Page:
CityCenter Scores Greenbacks for Going Green Project CityCenter, MGM Mirage’s starchitect-studded $7 billion complex on the Las Vegas Strip, is the nation’s largest privately funded development. It also aims to be the greenest for a project of its size, seeking a LEED Silver rating. Image courtesy Gensler Situated on 76 acres between the Monte Carlo and Bellagio resorts, CityCenter includes 18 million square feet of hotels, casinos, retail shops, and residential space. Among the architects tapped to design it are Rafael Viñoly, who did a 50-story, 1,543-unit condo-hotel; Norman Foster, who produced a hotel and condominium tower called “The Harmon”;
Gehry's First Vegas Building Breaks Ground Frank Gehry’s a hit in Vegas. Construction on his design for the 67,000-square-foot Lou Ruvo Brain Institute began in February. It is the 78-year-old architect’s first building in Sin City. Images courtesy Gehry Partners When it opens in late 2008, the new five-story institute will contain clinical, research, and outpatient exam rooms for brain-disease patients, plus offices and a 400-seat banquet hall. Additional elements include a Wolfgang Puck cafè as well as a two-story, 5,000-square-foot “Museum of the Mind” featuring interactive educational displays. The 1.9-acre complex, located at Bonneville Avenue and Grand Central Parkway,
Sustainable, affordable housing on rise in New Orleans.
April 16, 2007
Sustainable, Affordable Housing on Rise in New Orleans Talk to Chris Goad, a senior architect with Wayne Troyer Architect in New Orleans, and you begin to envision a future for this storm-battered city that includes electricity-generating wind turbines sprouting from the rooftops of former factory buildings. David Miller, a real estate developer, has a slightly different but equally compelling and sustainable future in mind: one that integrates affordable housing throughout all neighborhoods. Falstaff Brewery: Courtesy HMS Architects (top) Rice Mill Lofts: Courtesy Wayne Troyer Architect (bottom) The future may not be as far off as it seems. Working with developer
Koolhaas Raises Profile of Jersey City The skyline of Jersey City, New Jersey, which faces lower Manhattan from across the Hudson River, increasingly seems like a mirror image of its neighbor: a parade of gleaming high-rise buildings line its waterfront. For developers and city officials, that’s exactly the point. They hope to lure businesses by creating something that looks and feels like Manhattan, but with lower tax bills and cleaner streets. Images courtesy OMA Jersey City may have tipped the scales more in its favor with 111 First Street, a proposed 1.2-million-square-foot, 52-story tower designed by Rem Koolhaas—the first major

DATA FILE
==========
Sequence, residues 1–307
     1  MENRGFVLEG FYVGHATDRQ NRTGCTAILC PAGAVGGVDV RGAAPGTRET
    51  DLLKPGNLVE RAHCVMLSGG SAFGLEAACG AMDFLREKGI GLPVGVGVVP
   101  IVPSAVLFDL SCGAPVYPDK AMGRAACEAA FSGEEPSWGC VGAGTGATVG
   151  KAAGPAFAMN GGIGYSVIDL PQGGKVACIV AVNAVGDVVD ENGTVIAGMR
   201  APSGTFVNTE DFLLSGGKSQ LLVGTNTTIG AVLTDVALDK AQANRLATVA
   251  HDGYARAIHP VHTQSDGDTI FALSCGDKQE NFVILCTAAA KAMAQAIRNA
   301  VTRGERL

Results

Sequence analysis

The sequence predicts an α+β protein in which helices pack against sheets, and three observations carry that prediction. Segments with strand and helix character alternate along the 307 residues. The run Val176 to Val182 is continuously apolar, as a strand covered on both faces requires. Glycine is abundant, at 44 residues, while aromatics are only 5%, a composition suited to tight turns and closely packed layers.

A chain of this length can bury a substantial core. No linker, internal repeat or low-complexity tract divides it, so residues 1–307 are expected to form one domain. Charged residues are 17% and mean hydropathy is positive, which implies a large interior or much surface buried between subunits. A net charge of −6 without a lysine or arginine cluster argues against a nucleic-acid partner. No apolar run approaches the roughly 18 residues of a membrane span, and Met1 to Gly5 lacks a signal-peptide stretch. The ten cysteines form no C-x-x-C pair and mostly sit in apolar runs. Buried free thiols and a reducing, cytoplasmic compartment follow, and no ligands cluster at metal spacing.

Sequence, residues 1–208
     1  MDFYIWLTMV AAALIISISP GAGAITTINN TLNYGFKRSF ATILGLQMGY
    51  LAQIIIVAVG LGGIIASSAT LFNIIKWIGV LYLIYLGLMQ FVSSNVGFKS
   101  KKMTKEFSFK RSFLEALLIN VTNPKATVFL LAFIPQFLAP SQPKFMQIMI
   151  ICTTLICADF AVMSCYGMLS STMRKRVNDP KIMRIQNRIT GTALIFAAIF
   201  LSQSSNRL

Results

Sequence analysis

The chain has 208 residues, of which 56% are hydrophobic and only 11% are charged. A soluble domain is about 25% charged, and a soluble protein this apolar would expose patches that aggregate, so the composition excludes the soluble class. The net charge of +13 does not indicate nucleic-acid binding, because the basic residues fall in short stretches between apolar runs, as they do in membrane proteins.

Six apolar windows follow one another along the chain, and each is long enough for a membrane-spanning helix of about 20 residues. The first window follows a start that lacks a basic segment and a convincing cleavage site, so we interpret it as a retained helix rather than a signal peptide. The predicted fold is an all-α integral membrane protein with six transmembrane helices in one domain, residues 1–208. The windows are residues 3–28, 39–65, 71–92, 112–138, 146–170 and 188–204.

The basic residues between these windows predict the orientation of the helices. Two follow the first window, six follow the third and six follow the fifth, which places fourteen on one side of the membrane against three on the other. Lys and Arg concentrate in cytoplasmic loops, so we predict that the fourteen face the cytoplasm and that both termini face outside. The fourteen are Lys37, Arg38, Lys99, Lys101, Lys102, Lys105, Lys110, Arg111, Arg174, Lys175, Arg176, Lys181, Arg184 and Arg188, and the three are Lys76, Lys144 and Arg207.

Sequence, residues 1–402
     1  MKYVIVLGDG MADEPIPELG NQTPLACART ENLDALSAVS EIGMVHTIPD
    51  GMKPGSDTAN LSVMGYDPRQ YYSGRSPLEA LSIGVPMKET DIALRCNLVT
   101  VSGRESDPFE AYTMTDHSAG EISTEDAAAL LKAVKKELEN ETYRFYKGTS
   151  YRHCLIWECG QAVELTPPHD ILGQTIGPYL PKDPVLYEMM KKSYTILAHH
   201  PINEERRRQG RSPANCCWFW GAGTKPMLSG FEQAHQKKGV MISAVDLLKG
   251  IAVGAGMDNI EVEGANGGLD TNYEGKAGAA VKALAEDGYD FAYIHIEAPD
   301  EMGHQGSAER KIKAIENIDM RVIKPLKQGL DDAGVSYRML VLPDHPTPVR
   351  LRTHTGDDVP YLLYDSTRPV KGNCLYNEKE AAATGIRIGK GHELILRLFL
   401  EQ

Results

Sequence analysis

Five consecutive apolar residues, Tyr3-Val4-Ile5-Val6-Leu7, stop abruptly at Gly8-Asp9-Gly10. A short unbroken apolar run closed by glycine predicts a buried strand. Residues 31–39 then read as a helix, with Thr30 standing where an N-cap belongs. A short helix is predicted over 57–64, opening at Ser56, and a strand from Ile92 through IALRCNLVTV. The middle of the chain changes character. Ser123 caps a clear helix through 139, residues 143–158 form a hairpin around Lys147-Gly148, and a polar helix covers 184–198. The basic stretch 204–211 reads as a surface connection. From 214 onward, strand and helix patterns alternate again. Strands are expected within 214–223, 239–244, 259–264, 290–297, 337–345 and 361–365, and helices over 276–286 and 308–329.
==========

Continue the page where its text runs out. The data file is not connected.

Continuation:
The American Institute of Architects’ Architectural Billings Index for February indicates that the return of colder, more seasonable weather impacted billing activity at many of the 300, mainly commercial, firms surveyed. The index posted gains in January due to warmer temperatures nationwide that month.
Zaha Hadid receives the Thomas Jefferson Foundation Medal in Architecture at a ceremony held today at the University of Virginia. The honor is only the latest for the British architect, born in Iraq, who in 2004 became the first women to win architecture’s top prize, the Priztker. In winning the Jefferson, Hadid joins a distinguished group of architects, writers, and planners including Mies van der Rohe, Lewis Mumford, Ada Louise Huxtable, James Stirling, Frank O. Gehry, and Jane Jacobs. The Jefferson Foundation and the University of Virginia have jointly awarded the medal for architecture since 1966. Former Federal Reserve chairman
Italian officials have selected Tadao Ando’s design for a new art museum in Venice, to be operated by the French billionaire and art collector Francois Pinault, The New York Times wrote on April 7. They chose this scheme instead of the Solomon R. Guggenheim Foundation’s plans for a new facility; the Guggenheim and Pinault were competing for the right to convert the 17th century Punta della Dogana building. Construction of Ando’s design, estimated to cost $26 million, will be finished in time for the 2009 biennale. Heavy snowfalls this winter, which continued even into this week, kept visitors away from
While camera-toting tourists are able to access much of the Grand Canyon, the West Rim, mostly occupied by the Hualapai Indian Reservation, remains desolate. Dirt roads are the primary transportation route here, and only a few structures dot the landscape. Images courtesy Destination Grand Canyon West The Hualapai, along with Las Vegas developer David Jin and architect Mark Johnson, are hoping to change this—and improve the tribe’s struggling economy—with the Grand Canyon Skywalk. This 70-foot-long, glass-bottomed walkway cantilevers over the ravine’s edge, giving visitors a clear view 4,000 feet down to the canyon floor. “It’s like nothing you could even
Now that snow has finally melted in the Mile High City, construction crews are preparing to start permanent repairs on the roof of the new Frederic C. Hamilton wing at the Denver Art Museum. The roof began leaking as a result of record-breaking snowfalls this winter. After unveiling the long-awaited 146,000-sqaure-foot addition last fall, trustees, staff, and patrons thought they’d seen the last of construction crews for a while. But only weeks after the Hamilton wing’s grand opening on October 7, a massive storm dumped nearly two feet of snow and gave the new structure its first real test of